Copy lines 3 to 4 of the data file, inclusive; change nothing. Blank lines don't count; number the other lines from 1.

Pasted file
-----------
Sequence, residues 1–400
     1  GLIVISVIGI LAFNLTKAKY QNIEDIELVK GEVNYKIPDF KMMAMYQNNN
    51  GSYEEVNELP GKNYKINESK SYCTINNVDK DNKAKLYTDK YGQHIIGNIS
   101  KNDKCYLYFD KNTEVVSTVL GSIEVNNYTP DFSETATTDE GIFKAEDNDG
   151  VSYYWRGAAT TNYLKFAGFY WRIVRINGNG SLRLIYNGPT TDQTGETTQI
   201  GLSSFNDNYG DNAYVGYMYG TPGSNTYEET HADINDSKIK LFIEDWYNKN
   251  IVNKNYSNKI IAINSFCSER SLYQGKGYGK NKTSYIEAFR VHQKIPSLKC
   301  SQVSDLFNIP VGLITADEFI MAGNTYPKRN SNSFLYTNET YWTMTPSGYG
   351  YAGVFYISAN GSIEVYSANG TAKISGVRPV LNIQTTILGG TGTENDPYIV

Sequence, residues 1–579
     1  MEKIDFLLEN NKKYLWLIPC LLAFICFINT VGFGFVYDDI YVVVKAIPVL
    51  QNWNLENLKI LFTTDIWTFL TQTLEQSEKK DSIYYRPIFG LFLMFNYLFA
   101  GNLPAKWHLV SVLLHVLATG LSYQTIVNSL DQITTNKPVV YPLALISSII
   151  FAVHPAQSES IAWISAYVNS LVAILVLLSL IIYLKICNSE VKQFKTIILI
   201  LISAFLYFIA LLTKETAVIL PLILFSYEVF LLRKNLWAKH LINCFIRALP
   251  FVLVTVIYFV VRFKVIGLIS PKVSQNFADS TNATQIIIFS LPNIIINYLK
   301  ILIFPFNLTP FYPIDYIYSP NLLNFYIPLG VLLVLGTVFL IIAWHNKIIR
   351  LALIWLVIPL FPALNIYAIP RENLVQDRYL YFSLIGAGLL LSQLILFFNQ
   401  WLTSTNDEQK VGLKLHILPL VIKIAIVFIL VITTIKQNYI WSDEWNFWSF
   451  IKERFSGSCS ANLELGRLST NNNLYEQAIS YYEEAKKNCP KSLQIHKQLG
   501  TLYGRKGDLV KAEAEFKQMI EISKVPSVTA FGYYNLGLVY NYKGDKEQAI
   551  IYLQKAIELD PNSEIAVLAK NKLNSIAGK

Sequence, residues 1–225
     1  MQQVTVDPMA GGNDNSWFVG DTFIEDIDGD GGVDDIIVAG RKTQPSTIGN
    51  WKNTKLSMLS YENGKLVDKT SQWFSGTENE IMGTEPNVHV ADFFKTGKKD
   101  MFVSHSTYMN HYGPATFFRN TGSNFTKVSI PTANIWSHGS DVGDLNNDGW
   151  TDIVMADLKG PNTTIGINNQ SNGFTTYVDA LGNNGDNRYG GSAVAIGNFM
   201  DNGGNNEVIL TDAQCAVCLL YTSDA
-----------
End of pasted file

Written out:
    51  GSYEEVNELP GKNYKINESK SYCTINNVDK DNKAKLYTDK YGQHIIGNIS
   101  KNDKCYLYFD KNTEVVSTVL GSIEVNNYTP DFSETATTDE GIFKAEDNDG